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Cadence comeback strategy tied to platforms

Posted: 12 Apr 2004 ?? ?Print Version ?Bookmark and Share

Keywords:synopsys? cadence design system? encounter ic? implementation tool flow? soc?

One year after Synopsys Inc. unseated Cadence Design Systems Inc. as the top revenue earner in the design automation industry, Cadence is gearing up for a comeback. The company's strategy rests on integrated "platforms" containing best-of-breed tools, executives said.

Last year, Cadence's revenue fell as the San Jose company reached a weak part of its renewal cycle at the same time it was integrating technology from acquisitions Simplex Solutions and Get2Chip into its Encounter IC implementation tool flow. Cadence experienced some layoffs and morale problems as Synopsys and Magma Design Automation appeared to make inroads at its expense.

But a year makes a big difference, said Ray Bingham, Cadence president and CEO. "We believe we have a significant opportunity this year and going forward to grow our business by taking [market] share, primarily in digital design and SoCs [systems-on-chip]," said Bingham.

"Secondly, we believe we can grow the enterprise by what we refer to as 'widening the pond,' " he went on. "EDA, and especially Cadence, has an opportunity to participate in parts of our customers' product development that it hasn't traditionally participated in."

Bingham said the company now has not only a bleeding-edge IC implementation tool flow ready for the renewal cycle that's expected to kick in during the second half of 2004, but also a breadth of offerings-including digital, analog, package and printed-circuit-board design tools-that no other EDA vendor can claim.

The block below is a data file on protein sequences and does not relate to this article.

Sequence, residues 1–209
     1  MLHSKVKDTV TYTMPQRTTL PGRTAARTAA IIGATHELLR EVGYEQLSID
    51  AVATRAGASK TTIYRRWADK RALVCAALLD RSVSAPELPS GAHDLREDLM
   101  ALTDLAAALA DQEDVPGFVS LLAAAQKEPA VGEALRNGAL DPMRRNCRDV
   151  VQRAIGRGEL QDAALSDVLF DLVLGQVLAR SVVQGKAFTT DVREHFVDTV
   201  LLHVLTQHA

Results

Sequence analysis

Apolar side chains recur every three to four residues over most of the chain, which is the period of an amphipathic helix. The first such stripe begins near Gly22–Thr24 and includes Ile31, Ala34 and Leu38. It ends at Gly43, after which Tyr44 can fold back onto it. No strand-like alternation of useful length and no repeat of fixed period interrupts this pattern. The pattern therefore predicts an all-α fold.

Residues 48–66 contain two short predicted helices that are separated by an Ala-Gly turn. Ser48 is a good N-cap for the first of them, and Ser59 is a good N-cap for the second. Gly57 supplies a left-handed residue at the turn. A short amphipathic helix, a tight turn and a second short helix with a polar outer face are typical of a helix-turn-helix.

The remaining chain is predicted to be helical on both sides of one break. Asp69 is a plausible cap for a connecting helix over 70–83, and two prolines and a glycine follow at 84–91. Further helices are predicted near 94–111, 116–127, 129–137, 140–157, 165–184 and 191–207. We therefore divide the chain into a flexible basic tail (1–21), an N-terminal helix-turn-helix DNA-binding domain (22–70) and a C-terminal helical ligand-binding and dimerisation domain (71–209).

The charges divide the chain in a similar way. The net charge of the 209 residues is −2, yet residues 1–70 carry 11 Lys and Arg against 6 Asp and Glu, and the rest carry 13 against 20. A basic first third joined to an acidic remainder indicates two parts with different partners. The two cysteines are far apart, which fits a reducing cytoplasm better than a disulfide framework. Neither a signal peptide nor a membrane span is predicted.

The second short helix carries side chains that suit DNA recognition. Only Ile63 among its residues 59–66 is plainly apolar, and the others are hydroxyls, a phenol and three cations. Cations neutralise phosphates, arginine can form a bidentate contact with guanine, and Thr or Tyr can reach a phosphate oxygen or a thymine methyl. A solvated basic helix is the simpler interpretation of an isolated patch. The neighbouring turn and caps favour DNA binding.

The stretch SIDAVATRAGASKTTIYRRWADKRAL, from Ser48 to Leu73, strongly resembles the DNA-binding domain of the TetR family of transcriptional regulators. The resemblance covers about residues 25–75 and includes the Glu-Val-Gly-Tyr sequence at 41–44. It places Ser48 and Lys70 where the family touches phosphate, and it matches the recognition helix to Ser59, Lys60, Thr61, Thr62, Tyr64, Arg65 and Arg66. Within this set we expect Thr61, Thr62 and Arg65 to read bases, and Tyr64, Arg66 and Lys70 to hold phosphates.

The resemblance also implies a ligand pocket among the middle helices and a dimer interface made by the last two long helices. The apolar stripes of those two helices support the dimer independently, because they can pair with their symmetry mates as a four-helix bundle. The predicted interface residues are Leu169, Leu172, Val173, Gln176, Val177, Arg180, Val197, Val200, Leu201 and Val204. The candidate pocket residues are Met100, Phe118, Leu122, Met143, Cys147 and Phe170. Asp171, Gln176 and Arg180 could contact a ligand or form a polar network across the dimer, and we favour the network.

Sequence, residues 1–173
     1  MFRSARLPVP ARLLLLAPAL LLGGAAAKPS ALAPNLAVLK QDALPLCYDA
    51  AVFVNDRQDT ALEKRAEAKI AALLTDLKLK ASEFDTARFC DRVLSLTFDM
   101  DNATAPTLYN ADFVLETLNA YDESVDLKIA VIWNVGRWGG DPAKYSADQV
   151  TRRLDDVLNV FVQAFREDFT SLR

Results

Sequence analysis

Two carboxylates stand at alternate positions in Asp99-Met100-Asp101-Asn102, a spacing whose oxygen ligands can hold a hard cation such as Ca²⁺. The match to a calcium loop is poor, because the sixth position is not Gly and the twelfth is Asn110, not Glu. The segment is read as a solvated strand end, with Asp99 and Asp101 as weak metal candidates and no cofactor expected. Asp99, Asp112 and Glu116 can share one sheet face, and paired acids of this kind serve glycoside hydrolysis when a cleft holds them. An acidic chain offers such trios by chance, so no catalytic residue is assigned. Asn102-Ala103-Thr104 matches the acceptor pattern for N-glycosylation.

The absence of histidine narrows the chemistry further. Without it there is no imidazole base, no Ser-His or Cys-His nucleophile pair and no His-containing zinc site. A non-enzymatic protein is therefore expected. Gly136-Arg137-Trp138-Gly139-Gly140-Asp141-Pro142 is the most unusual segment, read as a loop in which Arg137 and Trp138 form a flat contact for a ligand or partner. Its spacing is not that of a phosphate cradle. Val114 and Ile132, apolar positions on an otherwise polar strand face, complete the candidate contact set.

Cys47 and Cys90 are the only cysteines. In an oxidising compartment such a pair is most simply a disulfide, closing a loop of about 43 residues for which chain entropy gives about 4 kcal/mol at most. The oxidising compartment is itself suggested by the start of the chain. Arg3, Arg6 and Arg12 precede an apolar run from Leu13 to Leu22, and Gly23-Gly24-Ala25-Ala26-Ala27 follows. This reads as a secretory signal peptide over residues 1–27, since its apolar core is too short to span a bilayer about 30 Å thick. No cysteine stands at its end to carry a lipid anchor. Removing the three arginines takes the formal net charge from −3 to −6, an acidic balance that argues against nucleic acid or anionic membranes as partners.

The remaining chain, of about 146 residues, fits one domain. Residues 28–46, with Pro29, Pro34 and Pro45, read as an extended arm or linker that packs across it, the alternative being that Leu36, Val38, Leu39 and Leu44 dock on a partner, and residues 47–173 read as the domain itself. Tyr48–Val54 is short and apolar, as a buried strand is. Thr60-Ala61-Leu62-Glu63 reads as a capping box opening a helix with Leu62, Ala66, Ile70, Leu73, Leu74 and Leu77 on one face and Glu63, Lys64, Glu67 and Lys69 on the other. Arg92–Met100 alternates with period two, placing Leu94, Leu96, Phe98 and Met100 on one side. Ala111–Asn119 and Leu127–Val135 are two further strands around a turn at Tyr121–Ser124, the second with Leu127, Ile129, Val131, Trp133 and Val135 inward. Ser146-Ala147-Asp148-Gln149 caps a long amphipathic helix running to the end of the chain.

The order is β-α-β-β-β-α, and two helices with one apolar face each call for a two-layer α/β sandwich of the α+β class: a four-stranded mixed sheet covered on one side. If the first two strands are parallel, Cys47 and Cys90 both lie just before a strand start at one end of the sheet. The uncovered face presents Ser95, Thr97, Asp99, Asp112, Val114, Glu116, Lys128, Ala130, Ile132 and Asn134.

Bingham said Cadence has a three-pronged strategy: acquire best-of-breed technologies, weave them into well-integrated platforms, and use the Open-Access database to connect those platforms to third-party and customer tools.

Cadence has some good possibilities this year, but also faces some challenges, said Gary Smith, chief EDA analyst at Gartner Dataquest. The good news, he said, is that Cadence is now shipping its Encounter IC implementation platform with the OpenAccess database. But more remains to be done, he said.

Market share shifts

Competitors are less impressed. "Synopsys does not believe there will be any meaningful shift in market share next year," said a Synopsys spokeswoman. "The key shift in market share has already occurred."

"One wonders why Cadence believes it will gain market share when designers move to 90- and 65nm, when it is losing market share at 130nm," said Nitin Deo, VP for product marketing at Magma.

In 18 months, Cadence has introduced four platforms, each addressing key design disciplines. The Encounter platform ties together the First Encounter floor planner, Get2Chip synthesis, the CeltIC signal integrity tool and the Nanoroute router. The Incisive platform links hardware-based emulation with simulation, while the Virtuoso platform ties together Cadence's longstanding analog and mixed-signal design and verification tools. The Allegro Platform, released earlier this month, allows users to trace signals from ICs through packages to PCBs.

The question for many is whether Cadence will catch Synopsys in 2004. CEO Bingham said he thinks the two companies will be about the same size this year. "The question is who will grow from here, and how fast they'll grow," he said. "We think we'll take significant share in digital design, and we think we're very competitive in verification. We think the right strategy was to invest in leading technology over the past couple of years."

- Richard Goering and Michael Santarini

EE Times





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